More Arizona-and-China Convergence -- Now With Texas Angle!

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In response to this item, discussing the judgment calls that Chinese security forces make when asking for a foreigner's "papers," and what lessons their practice may hold for Arizona policemen planning to enforce the state's new immigration law, an American academic who asks not to be named sends this account:

A quick follow-up to the second emailer's comment that Chinese authorities are "looking for people with subversive ideas or tendencies, not people who are simply present illegally." This was not my experience in Tianjin, a large but less-known city near Beijing.

While I was visiting my wife (who was living in Tianjin continuously for a year), the police dropped by unannounced several times to spot check that everyone in the apartment had registered their passport at the local police station (required by law within 24 hours of arrival).

On one visit, I had registered, and on another, I hid in the bedroom. The process for registering took about 3 hours, and it was clear that the station bureaucrats were not used to doing it. So it seemed to be an individual tic of an aggressive police officer rather than a system-wide policy. But that just points up the problem of granting such wide authority under Chinese and Arizona law: when you make enforcement discretionary, you're ensuring that enforcement will be uneven, subjective, unpredictable, and thus open to abuse.

And now, from a reader in Texas:

Houston's local talk radio shows are now warning that all those Mexicans will now be fleeing AZ and movin' to Houston.

I wrote back to ask: Were the talk shows using this as a reason to oppose the Arizona law? Or instead to emulate it in Texas? The answer was what I expected (but it's worth being sure):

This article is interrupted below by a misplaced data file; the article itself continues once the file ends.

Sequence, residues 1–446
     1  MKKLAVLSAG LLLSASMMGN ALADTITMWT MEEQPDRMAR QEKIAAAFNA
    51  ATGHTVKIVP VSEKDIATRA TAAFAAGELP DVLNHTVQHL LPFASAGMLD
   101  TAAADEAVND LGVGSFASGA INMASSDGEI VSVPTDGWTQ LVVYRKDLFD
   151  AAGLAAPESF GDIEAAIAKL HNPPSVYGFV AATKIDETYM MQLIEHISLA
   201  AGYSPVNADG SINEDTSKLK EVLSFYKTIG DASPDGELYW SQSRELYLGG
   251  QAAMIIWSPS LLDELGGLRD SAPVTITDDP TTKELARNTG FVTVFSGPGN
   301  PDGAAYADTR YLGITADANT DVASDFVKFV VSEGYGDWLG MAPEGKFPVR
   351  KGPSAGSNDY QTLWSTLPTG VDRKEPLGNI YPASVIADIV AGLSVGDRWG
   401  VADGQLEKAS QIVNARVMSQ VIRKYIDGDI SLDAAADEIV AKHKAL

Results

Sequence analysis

It was definitely made as an inspiration to follow it.

As a matter of jurisprudence, party politics, economics, inter-American relations, and social comity, this story is going to be unfolding for quite a long time.

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James Fallows is a national correspondent for The Atlantic and has written for the magazine since the late 1970s. He has reported extensively from outside the United States and once worked as President Carter's chief speechwriter. His latest book is China Airborne. More

James Fallows is based in Washington as a national correspondent for The Atlantic. He has worked for the magazine for nearly 30 years and in that time has also lived in Seattle, Berkeley, Austin, Tokyo, Kuala Lumpur, Shanghai, and Beijing. He was raised in Redlands, California, received his undergraduate degree in American history and literature from Harvard, and received a graduate degree in economics from Oxford as a Rhodes scholar. In addition to working for The Atlantic, he has spent two years as chief White House speechwriter for Jimmy Carter, two years as the editor of US News & World Report, and six months as a program designer at Microsoft. He is an instrument-rated private pilot. He is also now the chair in U.S. media at the U.S. Studies Centre at the University of Sydney, in Australia.

Fallows has been a finalist for the National Magazine Award five times and has won once; he has also won the American Book Award for nonfiction and a N.Y. Emmy award for the documentary series Doing Business in China. He was the founding chairman of the New America Foundation. His recent books Blind Into Baghdad (2006) and Postcards From Tomorrow Square (2009) are based on his writings for The Atlantic. His latest book is China Airborne. He is married to Deborah Fallows, author of the recent book Dreaming in Chinese. They have two married sons.

Fallows welcomes and frequently quotes from reader mail sent via the "Email" button below. Unless you specify otherwise, we consider any incoming mail available for possible quotation -- but not with the sender's real name unless you explicitly state that it may be used. If you are wondering why Fallows does not use a "Comments" field below his posts, please see previous explanations here and here.
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